Extensive or distributive, mixing is accomplished by the continuous moving and shearing of the batch by the rotors; it occurs mainly between the rotors and the ram, and is influenced by the geometry of both. Intensive and extensive mixing must be considered, not only in machine design, but also with regard to mixing procedures. Operating Variables The major variables in mixer operation are ram pressure, charging procedure, rotor speed, batch size and coolant temperature.
With a properly designed and well-maintained mixer, some selection of these variables will optimise the mixing of almost every rubber compound yet devised. Ram Pressure The major purpose for application of pressure to the ram is to drive the raw materials into the mixing chamber and to prevent their upward exit during mixing.
Increasing ram pressure beyond this point is often found in practice, from a folkloric belief that it will speed the mixing action or otherwise improve it. In fact, it usually has the opposite effect.
Too high a pressure can impede rotor action needed for extensive mixing. The proper seated ram position is shown in Figure 4. The most popular ram configuration, now considered standard, is the single V-bottom.
Somewhat less popular is the double, gable V-bottom which facilitates addition of powder or liquid ingredients over the ram while it is in the down or mixing position. This procedure is not recommended as it increases wear and maximises hang-up of the compound from one batch to the next. It is in exactly the same category as dumping the batch with the ram in the down position. Nevertheless, both procedures retain popularity with those more interested in saving a few seconds of mix time than in machine life or batch to batch contamination.
The flat-bottomed ram may still be found in older machines. Because of the variation in air cylinder diameters, ram pressure should not be obtained from a pressure gauge on the supply line, but measured directly on the batch. Such data can then be transferred from one mixer to another. High ram pressure is useful in charging the mixing chamber, but a lower pressure is more desirable during the actual mixing.
This has led to the development of multiple-ram pressure control systems. Two or three zones are pre-set with individual regulators to specific pressure levels. This may be automated or controlled by the mixer operator. It can include provision for relief of ram pressure if certain limits on power draw are exceeded, or even if the change in power draw indicates a likelihood that such limits may be reached.
This is particularly useful in moderating power surges with upside-down and sandwich mixes. It also provides the means for staying below certain power plateaus that, in some locations, strongly affect plant utility costs. The importance of ram pressure and position led to the development of the automatic sensing device shown in Figure 5. By means of its output graph the ram position indicator can provide a good profile of the mixing action and a guide to proper batch size.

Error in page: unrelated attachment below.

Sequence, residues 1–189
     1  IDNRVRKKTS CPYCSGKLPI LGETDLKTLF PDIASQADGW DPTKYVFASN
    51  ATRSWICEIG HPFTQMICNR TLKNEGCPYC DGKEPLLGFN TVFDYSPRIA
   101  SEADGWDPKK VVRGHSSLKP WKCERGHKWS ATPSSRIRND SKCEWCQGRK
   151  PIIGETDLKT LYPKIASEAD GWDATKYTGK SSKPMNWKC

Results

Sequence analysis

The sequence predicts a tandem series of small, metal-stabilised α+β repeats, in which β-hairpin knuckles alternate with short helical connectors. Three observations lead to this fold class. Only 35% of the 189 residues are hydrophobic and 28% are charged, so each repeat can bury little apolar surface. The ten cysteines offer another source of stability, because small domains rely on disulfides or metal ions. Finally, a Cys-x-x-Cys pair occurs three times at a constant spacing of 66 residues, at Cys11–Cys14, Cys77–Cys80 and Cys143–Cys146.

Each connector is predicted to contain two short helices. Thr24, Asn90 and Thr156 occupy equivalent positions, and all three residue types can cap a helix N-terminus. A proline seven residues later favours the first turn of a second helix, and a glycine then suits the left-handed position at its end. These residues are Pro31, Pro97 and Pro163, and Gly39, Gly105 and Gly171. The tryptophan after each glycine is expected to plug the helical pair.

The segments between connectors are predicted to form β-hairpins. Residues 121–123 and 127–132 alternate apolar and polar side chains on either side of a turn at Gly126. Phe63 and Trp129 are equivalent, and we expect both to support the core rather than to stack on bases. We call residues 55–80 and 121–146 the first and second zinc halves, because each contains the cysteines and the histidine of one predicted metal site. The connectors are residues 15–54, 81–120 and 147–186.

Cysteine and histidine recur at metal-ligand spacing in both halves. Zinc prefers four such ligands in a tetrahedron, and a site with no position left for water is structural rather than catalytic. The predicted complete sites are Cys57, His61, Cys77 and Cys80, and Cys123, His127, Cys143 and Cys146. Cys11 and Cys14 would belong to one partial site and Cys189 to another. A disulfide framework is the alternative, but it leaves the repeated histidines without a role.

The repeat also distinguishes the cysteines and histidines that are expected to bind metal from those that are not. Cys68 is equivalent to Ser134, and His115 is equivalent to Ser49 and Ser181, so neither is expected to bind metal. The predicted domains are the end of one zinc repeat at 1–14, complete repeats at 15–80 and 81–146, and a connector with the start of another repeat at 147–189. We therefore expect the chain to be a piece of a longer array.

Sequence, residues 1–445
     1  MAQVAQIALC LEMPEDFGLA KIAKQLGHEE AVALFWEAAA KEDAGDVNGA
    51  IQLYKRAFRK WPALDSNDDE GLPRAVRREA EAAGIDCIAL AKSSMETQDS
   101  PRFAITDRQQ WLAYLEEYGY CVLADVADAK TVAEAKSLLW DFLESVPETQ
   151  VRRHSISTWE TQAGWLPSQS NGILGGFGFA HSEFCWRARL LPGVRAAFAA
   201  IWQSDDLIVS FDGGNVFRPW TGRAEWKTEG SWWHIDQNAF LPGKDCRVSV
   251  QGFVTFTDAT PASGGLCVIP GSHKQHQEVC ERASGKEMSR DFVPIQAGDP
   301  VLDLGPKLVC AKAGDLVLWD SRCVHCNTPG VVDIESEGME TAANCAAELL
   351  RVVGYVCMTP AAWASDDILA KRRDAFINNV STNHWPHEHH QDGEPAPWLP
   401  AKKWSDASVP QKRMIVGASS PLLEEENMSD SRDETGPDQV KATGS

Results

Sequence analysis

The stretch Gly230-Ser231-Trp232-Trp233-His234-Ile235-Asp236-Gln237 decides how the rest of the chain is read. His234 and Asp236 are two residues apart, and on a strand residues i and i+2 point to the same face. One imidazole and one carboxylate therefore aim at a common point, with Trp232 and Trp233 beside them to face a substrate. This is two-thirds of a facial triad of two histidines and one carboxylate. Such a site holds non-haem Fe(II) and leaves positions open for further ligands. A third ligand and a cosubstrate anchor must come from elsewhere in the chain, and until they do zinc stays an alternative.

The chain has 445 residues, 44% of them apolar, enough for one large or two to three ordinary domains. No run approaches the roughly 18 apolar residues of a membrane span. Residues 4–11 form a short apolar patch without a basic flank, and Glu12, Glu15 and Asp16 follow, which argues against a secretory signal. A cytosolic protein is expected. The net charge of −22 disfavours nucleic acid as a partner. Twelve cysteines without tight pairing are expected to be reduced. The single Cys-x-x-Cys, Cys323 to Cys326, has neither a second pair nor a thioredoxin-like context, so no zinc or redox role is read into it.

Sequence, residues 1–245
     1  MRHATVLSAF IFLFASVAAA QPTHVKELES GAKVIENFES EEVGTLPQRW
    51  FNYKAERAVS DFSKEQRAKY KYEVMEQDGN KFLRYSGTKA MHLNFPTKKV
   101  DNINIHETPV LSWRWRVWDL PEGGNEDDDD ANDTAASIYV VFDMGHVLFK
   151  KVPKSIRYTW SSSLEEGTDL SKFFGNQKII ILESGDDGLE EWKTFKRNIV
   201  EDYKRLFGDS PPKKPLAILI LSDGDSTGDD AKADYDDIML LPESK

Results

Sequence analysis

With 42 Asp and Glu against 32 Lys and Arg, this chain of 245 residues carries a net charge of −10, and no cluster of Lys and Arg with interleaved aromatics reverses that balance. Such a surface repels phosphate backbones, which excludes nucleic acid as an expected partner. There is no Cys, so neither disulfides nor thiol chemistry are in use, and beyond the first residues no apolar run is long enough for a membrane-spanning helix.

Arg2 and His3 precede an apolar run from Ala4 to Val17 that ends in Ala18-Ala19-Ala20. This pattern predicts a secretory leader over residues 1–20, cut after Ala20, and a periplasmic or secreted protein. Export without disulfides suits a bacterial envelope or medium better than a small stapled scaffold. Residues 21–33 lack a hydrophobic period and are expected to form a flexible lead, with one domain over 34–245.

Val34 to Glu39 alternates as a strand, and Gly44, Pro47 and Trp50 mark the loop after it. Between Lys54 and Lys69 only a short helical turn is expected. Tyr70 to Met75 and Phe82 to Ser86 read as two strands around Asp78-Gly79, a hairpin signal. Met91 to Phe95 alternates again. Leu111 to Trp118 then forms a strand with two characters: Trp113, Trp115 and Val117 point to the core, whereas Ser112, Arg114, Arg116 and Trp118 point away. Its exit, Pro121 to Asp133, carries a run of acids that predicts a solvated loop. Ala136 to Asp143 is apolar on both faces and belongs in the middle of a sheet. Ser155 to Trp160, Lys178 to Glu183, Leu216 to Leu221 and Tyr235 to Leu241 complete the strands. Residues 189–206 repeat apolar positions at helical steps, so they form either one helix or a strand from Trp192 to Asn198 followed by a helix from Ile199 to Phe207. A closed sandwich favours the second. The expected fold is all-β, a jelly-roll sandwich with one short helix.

Typical profiles are shown in Figure 6. Here, three batches of the same compound are mixed to a total elapsed time T. The desired ram action is shown in Figure 6 b. This is followed by a longer period of reduced ram action corresponding to distributive and dispersive mixing. Figure 6 a shows an oversized batch of the same compound. Almost to the end of the batch, the mixer struggles to incorporate the excess of ingredients.
Dispersion and uniform distribution will not be optimum if the ram does not reach a fully seated position in the first third of the mixing cycle. Figure 6 c depicts the same batch below optimum batch size; the ram seats almost immediately; distributive and dispersive mixing are strongly impeded.
At optimum batch size, ram displacement charts can be used to fine tune the ram pressure programme so as best to approximate Figure 6 b.
Besides this, batch to batch charts can spot equipment malfunction and aid in diagnosing improperly weighed batches. At the same time, the mixes should be capable of being processed in the factory without much difficulty and at minimum cost. Chemically speaking, a rubber "compound" is not a compound, but is merely a mixture of rubber and compounding ingredients, ready for vulcanization.
The simplest of all compounds, rubber plus vulcanizing agent, is of little use in most applications.
Since it is the basic structure for most compounds, we have to consider how it can be compounded with reinforcing agents, anti-oxidants, and plasticizers to give the best combination of properties for a particular application.
General Compounding Principles The scope of compounding consists of specifying the type and amount of various ingredients in a mix, the manner of mixing, the processing of the mixed compound, and the method and details of vulcanization.